RISC to host ‘Nehemiah Action’ at St. Paul’s Baptist Church
Joey Matthews | 4/29/2016, 8:09 a.m.
An interfaith group of more than 1,600 people are expected to gather 7 p.m. Monday, May 2, at St. Paul’s Baptist Church in Henrico County.
They will call on Henrico school leaders to “address the crisis of students who cannot read,” according to event organizers.
Additionally, event organizers are to discuss efforts to get a commitment from VCU Medical Center and HCA hospital systems to hire and train employees for health care jobs.
The gathering at St. Paul’s is called a “Nehemiah Action” and is being organized by Richmonders Involved to Strengthen our Communities, or RISC, an interfaith, multiracial coalition of 17 congregations in the greater Richmond area.
The group bases its coalition efforts on the biblical story of Nehemiah, who organized a group of people to affect change on the social injustices of their day.
At St. Paul’s, speakers will include parents and students who are concerned about the reading issue, which RISC has been raising with Henrico school leaders for more than a year, organizers stated in a news release.
RISC is calling on school leaders to implement a proven pilot reading program for children in kindergarten through second grades at the five elementary schools in the county that had the lowest Standards of Learning test scores for reading in 2015.
Those schools, Highland Springs, Montrose, Laburnum, Ratcliffe and Sandston elementary schools, are located in the eastern end of Henrico County, organizers said.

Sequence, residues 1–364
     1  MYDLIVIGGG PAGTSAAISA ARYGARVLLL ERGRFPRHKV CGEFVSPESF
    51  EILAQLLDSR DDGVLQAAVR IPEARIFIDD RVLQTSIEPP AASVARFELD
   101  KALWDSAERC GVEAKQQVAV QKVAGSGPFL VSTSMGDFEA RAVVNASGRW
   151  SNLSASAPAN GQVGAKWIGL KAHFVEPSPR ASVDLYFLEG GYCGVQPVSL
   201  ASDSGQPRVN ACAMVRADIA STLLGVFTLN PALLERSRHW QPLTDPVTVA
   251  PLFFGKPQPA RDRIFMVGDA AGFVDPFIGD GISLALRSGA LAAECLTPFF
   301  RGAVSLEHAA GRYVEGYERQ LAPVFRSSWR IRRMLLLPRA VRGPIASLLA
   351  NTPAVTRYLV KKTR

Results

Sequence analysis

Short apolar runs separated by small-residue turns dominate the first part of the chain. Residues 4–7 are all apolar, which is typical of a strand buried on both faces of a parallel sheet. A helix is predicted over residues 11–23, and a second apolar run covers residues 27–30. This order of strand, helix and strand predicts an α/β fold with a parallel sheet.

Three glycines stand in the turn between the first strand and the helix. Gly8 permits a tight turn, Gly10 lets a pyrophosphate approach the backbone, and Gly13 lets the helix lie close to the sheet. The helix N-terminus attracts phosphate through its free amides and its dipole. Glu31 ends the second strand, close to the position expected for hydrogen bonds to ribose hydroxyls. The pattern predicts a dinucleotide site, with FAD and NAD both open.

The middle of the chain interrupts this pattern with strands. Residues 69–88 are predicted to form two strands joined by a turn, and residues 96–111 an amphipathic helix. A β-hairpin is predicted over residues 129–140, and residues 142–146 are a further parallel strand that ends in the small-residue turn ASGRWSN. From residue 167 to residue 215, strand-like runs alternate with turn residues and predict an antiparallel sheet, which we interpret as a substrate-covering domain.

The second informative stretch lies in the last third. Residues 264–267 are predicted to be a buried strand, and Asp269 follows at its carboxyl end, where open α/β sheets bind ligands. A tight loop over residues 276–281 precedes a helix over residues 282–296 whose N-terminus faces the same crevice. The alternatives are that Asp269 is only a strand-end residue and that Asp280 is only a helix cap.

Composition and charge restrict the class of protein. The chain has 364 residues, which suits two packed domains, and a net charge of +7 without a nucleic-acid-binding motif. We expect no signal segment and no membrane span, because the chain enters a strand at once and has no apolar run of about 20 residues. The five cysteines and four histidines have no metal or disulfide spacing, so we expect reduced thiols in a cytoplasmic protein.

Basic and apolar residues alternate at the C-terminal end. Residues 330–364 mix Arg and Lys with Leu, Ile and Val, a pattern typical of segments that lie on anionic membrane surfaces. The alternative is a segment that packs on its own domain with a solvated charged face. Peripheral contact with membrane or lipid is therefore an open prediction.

Schools in Eastern Henrico tend to have larger populations of African-American students.
“None of those schools met the benchmark for even a narrow margin of improvement, which is true of eight additional elementary schools in Henrico County,” event organizers stated.
RISC members stated they are seeking to get job hiring and training commitments from the hospital systems for people referred from a coalition that includes J. Sargeant Reynolds Community College and local nonprofits.
“Hundreds of entry level jobs go unfilled every year in Richmond’s hospital systems” and “no low-cost training programs are available in the Richmond region for the most in-demand, living wage jobs in the hospital systems,” organizers stated.
While the focus will be on helping North Side and East End residents of Richmond to land health care jobs, participation will be open to people in other low-income communities as well.
For more information on the event, call (804) 476-0889, email firstname.lastname@example.org or go to riscrichmond.org.